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When was the first parachute jump? Google knows.

In a thrilling tumble toward Earth, on this day in history a French daredevil pioneered the parachute jump and revolutionized air travel forever.


The first "Official Aeronaut of France" Andre-Jacques Garnerin is immortalized in today's whimsical Google Doodle.


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On Oct. 22, 1797, French balloonist Andrew-Jacques Garnerin hovered 3,000 feet above Paris’s Parc Monceau and prepared to cut the rope that tied him to the hot air balloon and kept him in the sky.

“I was on the point of cutting the cord that suspended me between heaven and earth and measured with my eye the vast space that separated me from the rest of the human race,” he said about the moment later.

Then he cut loose and descended to the Parisian crowds below in the first high-altitude parachute jump in human history, recreated today by an interactive Google Doodle.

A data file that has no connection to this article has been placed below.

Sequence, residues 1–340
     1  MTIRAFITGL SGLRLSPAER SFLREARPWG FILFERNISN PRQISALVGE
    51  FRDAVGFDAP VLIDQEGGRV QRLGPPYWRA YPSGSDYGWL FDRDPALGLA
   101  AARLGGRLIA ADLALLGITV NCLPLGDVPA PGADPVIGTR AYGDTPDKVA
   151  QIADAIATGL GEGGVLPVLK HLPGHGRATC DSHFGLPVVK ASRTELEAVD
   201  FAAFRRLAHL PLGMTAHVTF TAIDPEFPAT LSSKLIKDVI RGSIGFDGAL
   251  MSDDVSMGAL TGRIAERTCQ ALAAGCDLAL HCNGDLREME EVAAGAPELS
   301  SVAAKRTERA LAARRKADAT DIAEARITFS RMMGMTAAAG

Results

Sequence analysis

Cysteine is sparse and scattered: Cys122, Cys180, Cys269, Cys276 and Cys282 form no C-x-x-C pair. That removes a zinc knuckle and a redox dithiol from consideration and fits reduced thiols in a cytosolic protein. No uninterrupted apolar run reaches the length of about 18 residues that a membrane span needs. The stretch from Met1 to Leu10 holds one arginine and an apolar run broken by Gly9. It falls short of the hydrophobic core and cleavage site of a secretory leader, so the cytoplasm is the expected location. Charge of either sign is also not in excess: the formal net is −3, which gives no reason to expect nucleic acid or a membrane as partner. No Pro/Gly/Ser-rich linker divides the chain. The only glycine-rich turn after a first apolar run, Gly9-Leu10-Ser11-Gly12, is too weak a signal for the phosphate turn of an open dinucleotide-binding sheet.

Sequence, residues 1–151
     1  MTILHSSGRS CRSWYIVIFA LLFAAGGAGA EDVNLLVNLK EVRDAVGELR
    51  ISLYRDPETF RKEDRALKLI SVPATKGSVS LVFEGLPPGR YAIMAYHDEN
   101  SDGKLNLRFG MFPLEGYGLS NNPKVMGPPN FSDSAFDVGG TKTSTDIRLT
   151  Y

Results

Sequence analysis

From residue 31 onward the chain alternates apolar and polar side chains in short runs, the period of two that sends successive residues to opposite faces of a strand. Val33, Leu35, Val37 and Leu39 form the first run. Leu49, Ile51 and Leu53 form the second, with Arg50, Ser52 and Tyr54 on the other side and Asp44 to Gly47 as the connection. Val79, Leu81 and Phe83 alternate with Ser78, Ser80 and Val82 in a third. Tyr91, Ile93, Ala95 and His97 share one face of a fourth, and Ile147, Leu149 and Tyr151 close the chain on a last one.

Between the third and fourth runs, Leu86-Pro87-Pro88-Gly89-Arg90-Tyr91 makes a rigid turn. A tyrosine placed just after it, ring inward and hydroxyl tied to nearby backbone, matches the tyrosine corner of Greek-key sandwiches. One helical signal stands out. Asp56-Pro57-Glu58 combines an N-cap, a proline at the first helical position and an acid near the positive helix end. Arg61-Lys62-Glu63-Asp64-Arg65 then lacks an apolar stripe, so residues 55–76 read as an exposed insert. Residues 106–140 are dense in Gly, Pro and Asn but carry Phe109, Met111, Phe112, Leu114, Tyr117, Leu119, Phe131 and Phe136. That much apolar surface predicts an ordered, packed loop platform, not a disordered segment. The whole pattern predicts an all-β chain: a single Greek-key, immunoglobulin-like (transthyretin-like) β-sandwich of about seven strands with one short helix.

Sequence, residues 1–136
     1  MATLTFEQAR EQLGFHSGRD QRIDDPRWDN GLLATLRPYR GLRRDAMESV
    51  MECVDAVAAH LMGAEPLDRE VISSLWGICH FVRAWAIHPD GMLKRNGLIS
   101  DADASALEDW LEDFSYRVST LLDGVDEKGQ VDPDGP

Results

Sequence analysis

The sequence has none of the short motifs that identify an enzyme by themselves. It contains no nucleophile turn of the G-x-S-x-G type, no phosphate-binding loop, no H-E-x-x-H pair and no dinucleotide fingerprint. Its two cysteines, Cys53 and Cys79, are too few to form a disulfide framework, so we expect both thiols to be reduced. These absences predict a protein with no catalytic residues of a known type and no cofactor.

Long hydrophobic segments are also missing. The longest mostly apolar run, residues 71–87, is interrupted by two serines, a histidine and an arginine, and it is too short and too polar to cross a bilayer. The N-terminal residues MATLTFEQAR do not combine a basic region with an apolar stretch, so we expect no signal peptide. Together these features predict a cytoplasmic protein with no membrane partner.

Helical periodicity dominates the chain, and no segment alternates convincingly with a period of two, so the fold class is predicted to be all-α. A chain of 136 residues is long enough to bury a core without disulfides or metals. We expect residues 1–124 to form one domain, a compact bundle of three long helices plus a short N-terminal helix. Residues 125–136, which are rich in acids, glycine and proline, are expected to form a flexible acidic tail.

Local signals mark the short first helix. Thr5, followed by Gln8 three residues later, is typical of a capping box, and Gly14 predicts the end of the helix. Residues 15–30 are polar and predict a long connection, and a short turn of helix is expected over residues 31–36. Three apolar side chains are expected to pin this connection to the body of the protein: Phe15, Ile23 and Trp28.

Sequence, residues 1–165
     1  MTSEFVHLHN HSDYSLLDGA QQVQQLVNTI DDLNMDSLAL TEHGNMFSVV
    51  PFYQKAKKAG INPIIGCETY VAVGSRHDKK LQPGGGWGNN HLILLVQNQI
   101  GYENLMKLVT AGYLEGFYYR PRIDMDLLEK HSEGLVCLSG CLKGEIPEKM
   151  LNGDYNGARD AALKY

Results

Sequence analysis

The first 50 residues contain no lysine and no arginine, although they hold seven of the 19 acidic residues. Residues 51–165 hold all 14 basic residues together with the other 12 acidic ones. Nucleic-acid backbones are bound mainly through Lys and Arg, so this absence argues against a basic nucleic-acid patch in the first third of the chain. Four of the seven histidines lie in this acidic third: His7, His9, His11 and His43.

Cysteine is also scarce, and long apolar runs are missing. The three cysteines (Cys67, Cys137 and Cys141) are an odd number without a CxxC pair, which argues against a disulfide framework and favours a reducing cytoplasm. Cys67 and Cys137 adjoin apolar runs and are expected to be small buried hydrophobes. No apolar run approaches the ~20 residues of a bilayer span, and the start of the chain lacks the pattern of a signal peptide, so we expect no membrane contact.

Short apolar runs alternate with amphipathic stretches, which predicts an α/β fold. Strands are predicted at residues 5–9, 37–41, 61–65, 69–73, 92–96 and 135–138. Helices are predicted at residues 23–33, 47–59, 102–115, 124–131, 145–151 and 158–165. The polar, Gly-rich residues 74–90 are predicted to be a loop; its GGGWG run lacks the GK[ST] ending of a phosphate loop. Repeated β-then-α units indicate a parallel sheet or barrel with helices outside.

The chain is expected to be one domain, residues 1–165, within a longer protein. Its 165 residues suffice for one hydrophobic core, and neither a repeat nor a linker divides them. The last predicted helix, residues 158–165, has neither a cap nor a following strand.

The 28-year-old daredevil had experimented with balloons and parachutes before, but this was his first jump from such a height. His silk parachute would likely more resemble modern-day umbrellas, rather than the high-tech parachutes that accompany skydivers today.

The ride wasn’t pleasant – Mr. Garnerin reportedly vomited due to the winds that sent his parachute topsy-turvy, spinning to the ground below. But amazingly, he tumbled to Earth without a scratch. The crowds that gathered to watch his fall went wild, and the parachute jump was born.


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